Deference to Deception

Judge Kavanaugh’s ironic history of defending the same polygraphs he now calls unreliable suggests that—if confirmed to the US Supreme Court—he would defer to dishonest executive power.

Following sexual assault allegations against Supreme Court nominee Brett Kavanaugh, President Trump ordered the FBI to conduct a one-week investigation, briefly postponing Kavanaugh’s Senate confirmation vote with the November midterm elections clock ticking. Kavanaugh’s first accuser, Dr. Christine Blasey Ford, told the Senate Judiciary Committee that she passed a lie detector test. Kavanaugh called polygraphs unreliable—noting their inadmissibility in federal court. That’s not what he thought of them when he decided my Freedom of Information Act (FOIA) case requesting polygraph program records.

Writing for the US Court of Appeals, DC Circuit on May 20, 2016, in Sack v. Dept. of Defense (DOD), Kavanaugh upheld the District Court’s ruling that federal polygraph records could be withheld because transparency would cause the specific harm, under the Exemption 7(E) of the Freedom of Information Act (FOIA), of disclosing “techniques and procedures for law enforcement investigations” whose disclosure would reasonably “risk circumvention of the law.” But DOD’s arguments were disingenuous. Scientific consensus for the past ninety years has been that polygraphs are insufficiently evidence-based. It’s no secret that there is no unique physiological lie response to detect. Yet, federal agencies demand most of their polygraph records remain secret, ostensibly because polygraphs are important law enforcement tools.

If the government holds data that would explain this contradiction, making it public would advance science. If the government does not hold data that contradicts long-standing scientific consensus on polygraphs’ unreliability, then withholding data on federal polygraph programs’ bias and efficacy merely perpetuates corruption. Evidence shows polygraphs are prone to bias, fraud, and abuse. Research also shows they can even backfire—apparently increasing police dishonesty. In this context, non-transparency undermines rather than protecting law enforcement.

My National Science Foundation-supported doctoral dissertation and postdoctoral research on bias and corruption in polygraphs and policing led me to file open records requests under FOIA with several federal entities including the CIA, FBI, and DOD, for polygraph program data. These agencies fought transparency and won. Ultimately, they won because Kavanaugh decided in their favor—even though their arguments hinged on the premise that polygraphs promote security. The National Academy of Sciences’ 2003 report on the scientific evidence on polygraphs invalidates this premise.

How ironic that polygraphs should come back to haunt Kavanaugh when, as he says, they’re unreliable. He’s right. Their unreliability in screening jeopardizes national security programs by wrongly implicating many innocent people, while also missing security threats like spies. It undermines due process by wrongly implicating innocent people, like the late death row exoneree Dave Keaton. At the same time, it leads police away from investigating guilty people, and casts untoward doubt on the credibility of honest victims and witnesses. Its continued use makes law enforcement look incompetent, because it’s common knowledge that polygraphs are unreliable. Polygraphs thus damage law enforcement. So it’s weird to protect them just because the government claims—contradicting all publicly available evidence—that the opposite is true.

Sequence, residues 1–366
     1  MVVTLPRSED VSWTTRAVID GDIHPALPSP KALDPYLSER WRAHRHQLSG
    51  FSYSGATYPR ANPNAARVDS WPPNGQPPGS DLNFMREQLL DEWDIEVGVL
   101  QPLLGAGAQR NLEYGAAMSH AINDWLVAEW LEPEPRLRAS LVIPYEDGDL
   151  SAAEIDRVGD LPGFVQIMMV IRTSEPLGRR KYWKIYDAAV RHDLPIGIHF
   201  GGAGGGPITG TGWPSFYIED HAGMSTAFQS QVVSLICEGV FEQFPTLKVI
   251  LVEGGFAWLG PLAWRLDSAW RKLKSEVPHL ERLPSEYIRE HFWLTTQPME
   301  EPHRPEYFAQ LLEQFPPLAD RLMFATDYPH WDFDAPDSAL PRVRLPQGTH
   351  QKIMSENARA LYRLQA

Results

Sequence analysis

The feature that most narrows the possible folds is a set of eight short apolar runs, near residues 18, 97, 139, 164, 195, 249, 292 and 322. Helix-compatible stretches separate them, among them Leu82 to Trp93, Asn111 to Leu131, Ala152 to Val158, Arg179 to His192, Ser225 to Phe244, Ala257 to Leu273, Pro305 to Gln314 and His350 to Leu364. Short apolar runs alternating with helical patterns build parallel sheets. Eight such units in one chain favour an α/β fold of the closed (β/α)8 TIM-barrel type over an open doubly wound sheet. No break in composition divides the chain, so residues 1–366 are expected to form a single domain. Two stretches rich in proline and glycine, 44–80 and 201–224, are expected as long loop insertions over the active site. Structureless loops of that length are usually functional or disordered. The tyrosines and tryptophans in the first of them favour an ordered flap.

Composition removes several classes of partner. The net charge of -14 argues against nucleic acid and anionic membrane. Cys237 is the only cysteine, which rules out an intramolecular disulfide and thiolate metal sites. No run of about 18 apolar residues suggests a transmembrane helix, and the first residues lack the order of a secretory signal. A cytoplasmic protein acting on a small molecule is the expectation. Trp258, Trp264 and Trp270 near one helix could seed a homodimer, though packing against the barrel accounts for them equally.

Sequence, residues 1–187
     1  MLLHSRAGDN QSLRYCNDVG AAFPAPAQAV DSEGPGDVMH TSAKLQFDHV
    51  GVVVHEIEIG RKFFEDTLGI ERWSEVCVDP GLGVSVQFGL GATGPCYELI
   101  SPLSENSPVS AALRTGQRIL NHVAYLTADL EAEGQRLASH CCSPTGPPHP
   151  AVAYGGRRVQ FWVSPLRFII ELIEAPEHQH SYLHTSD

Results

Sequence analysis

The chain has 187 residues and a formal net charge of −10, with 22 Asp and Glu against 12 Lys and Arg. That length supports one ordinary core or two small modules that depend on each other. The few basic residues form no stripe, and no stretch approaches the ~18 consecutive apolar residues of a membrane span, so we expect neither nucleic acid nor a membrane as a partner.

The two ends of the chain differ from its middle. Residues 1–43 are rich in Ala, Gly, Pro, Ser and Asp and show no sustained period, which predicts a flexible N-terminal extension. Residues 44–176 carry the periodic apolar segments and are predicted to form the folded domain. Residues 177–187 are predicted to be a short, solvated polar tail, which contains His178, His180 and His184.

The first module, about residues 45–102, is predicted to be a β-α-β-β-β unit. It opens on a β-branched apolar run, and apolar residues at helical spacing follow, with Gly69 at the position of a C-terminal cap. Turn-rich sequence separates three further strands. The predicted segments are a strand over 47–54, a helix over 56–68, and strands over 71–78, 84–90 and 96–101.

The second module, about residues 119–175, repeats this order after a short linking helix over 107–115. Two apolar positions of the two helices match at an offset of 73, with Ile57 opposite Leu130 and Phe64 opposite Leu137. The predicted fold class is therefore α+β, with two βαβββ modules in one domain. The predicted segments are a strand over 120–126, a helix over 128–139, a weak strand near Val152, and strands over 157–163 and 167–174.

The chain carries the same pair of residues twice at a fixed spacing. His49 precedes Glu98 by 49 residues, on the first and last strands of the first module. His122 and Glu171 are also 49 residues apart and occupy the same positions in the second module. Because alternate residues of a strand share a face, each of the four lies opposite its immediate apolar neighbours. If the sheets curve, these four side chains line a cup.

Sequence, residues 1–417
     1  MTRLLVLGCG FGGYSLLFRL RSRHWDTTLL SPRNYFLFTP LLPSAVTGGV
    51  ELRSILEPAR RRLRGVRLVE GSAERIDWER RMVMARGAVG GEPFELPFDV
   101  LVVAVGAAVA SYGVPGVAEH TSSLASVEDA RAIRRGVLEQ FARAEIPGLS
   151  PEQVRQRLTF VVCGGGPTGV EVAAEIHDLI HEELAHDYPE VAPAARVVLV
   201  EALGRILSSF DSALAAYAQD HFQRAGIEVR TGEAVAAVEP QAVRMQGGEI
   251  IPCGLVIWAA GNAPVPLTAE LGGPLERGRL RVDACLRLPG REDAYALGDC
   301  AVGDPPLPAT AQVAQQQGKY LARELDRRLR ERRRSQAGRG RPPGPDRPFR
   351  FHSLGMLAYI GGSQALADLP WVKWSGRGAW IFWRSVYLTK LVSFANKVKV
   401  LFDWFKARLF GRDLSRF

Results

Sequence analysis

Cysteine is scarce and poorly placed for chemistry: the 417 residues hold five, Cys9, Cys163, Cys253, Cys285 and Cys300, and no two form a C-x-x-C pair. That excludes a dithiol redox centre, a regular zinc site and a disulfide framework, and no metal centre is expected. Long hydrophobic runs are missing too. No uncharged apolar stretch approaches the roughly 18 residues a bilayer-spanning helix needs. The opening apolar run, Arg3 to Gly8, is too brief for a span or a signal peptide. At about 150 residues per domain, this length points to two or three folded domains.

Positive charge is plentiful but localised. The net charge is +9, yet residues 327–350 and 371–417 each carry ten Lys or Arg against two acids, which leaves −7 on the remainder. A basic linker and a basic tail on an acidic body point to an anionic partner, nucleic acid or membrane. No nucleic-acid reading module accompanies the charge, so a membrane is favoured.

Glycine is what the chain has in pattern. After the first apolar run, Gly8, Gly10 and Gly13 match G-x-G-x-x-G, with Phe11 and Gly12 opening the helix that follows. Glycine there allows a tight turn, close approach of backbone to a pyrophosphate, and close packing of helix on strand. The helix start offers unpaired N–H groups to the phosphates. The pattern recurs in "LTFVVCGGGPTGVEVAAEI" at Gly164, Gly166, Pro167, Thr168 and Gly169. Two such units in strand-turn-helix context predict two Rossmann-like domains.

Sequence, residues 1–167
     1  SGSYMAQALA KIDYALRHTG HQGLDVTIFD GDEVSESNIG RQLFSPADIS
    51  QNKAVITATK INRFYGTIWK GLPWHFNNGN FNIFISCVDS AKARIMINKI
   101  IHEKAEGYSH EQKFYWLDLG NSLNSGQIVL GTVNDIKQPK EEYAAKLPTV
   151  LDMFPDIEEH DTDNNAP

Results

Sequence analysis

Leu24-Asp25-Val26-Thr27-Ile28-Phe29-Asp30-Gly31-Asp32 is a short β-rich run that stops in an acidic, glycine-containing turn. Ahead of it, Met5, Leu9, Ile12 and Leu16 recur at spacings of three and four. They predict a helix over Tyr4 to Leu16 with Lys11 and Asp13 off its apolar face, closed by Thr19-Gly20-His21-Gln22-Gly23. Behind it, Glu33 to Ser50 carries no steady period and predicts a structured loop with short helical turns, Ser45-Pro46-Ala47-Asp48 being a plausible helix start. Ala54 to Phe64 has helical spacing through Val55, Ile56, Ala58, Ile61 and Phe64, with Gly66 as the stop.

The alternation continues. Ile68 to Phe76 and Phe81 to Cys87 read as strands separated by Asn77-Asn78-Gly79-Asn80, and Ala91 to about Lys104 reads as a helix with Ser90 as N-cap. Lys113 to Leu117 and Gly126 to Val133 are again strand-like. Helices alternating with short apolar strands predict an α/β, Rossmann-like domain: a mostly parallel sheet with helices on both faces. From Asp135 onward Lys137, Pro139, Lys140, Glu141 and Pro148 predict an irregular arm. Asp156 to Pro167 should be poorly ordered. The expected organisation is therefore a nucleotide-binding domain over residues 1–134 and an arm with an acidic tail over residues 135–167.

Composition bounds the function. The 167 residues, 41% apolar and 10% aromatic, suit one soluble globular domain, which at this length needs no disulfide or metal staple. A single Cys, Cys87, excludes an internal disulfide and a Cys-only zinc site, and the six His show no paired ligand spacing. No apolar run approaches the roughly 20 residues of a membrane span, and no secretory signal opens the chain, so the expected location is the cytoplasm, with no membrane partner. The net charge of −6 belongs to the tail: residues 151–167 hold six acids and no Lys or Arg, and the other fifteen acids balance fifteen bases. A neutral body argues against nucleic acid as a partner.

As a federal appeals court judge, Kavanaugh had a chance to act in the public interest as a member of an independent judiciary—protecting national security and promoting due process by checking executive branch overreach. He blew it, choosing instead to bolster executive power based on lies. Past behavior predicts future behavior, and this holds true for judicial behavior. Thus Kavanaugh would be a bad Supreme Court Justice, because he would undermine judicial independence.

Amidst the spectacacle of sex crime accusations and the partisan refusal to investigate them in due time with due process, Kavanaugh promises—if confirmed—to protect the executive branch rather than balancing it. Many legal experts including Kavanaugh have long agreed that a sitting President cannot be indicted. But Kavanaugh’s historical deference to the executive is more distinctive. A judge who defers to dishonest executive power undermines democracy. That is what Kavanaugh did in my case. It’s an extremely dangerous precedent for the U.S. government as a whole.

To the Senators considering whether to confirm Kavanaugh as a US Supreme Court Justice this week: Consider his history as a judge when you consider his future as a judge. As a federal appeals court judge, Kavanaugh undermined national security while citing it as his reason for letting government secrecy prevent progress in scholarship and accountability in governance. In the present political climate, many fear that President Trump wants to confirm a Supreme Court Justice who will defend him even when he’s wrong—someone who will defend an emperor with no clothes. That’s exactly what Kavanaugh’s history of defending executive secrecy around polygraph programs suggests he would do.

The role of the independent judiciary in the American government is to check and balance the executive and legislative branches. By failing to speak truth to power when DOD lied about the importance of polygraph programs for law enforcement, Kavanaugh showed he won’t fulfill that role. Polygraphs are unreliable. His history with them shows Kavanaugh is, too.

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